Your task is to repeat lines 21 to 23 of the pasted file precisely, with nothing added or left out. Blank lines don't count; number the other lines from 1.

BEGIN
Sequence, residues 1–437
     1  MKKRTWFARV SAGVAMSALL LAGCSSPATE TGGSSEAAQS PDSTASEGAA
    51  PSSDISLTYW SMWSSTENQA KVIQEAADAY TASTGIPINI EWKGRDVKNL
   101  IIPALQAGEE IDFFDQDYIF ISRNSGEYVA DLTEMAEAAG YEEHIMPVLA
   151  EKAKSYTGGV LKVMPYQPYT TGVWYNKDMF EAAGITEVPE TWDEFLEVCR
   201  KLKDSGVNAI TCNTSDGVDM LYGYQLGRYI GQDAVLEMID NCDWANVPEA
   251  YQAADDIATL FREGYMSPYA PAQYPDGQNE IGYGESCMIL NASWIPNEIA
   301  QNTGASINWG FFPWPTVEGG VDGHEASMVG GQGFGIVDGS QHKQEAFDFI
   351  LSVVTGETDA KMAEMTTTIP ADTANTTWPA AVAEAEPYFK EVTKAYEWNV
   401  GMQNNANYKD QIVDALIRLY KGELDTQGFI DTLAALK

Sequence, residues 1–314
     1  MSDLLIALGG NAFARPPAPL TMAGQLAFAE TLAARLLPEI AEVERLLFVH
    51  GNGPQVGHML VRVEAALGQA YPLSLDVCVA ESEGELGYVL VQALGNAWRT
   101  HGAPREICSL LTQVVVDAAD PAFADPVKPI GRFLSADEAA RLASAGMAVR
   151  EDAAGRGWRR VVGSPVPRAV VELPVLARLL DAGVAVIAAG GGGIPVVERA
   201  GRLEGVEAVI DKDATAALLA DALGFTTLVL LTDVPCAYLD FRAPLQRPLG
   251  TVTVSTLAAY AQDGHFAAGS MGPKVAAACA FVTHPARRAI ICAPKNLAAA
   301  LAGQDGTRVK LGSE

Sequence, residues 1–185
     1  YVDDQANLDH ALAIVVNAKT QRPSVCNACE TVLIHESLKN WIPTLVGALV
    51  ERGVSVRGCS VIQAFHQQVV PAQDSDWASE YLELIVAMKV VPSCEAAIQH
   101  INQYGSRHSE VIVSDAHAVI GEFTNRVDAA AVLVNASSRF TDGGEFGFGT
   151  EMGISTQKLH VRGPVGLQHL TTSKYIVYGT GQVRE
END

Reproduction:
    51  ERGVSVRGCS VIQAFHQQVV PAQDSDWASE YLELIVAMKV VPSCEAAIQH
   101  INQYGSRHSE VIVSDAHAVI GEFTNRVDAA AVLVNASSRF TDGGEFGFGT
   151  EMGISTQKLH VRGPVGLQHL TTSKYIVYGT GQVRE